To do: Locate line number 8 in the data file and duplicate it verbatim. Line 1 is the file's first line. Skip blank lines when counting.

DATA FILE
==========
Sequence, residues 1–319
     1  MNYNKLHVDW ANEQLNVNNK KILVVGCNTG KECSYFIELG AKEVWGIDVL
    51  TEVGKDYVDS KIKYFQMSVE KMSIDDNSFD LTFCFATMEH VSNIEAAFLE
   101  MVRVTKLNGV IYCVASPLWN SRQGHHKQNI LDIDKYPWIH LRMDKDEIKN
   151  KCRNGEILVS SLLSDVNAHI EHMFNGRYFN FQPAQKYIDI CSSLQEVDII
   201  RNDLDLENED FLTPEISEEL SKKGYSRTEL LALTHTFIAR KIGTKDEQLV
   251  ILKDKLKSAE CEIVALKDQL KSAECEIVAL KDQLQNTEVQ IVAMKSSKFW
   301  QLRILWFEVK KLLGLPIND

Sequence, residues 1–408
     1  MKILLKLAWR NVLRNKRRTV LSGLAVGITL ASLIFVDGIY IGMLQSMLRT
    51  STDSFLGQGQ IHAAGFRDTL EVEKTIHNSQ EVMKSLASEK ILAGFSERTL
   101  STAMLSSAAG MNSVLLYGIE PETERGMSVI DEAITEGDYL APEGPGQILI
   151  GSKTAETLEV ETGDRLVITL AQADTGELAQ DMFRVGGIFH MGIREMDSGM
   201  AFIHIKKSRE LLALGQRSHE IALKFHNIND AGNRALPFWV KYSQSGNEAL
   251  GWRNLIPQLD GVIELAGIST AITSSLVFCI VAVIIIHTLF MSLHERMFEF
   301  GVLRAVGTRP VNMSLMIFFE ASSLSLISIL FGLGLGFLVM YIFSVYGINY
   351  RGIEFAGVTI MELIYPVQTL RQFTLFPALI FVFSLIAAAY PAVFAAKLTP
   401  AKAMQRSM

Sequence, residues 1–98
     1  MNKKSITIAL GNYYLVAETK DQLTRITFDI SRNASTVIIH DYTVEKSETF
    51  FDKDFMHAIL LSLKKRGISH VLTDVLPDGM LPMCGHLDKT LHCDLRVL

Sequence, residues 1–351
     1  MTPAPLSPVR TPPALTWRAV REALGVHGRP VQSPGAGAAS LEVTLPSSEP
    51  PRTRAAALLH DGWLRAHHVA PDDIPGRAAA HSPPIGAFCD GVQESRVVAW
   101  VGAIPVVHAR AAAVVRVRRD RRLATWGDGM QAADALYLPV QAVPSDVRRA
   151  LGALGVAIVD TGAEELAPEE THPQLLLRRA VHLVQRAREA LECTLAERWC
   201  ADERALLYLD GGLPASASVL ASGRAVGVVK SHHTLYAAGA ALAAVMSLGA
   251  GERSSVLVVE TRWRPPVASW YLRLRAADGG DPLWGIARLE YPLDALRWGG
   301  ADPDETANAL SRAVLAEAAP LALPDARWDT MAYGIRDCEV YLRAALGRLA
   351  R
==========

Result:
   301  QLRILWFEVK KLLGLPIND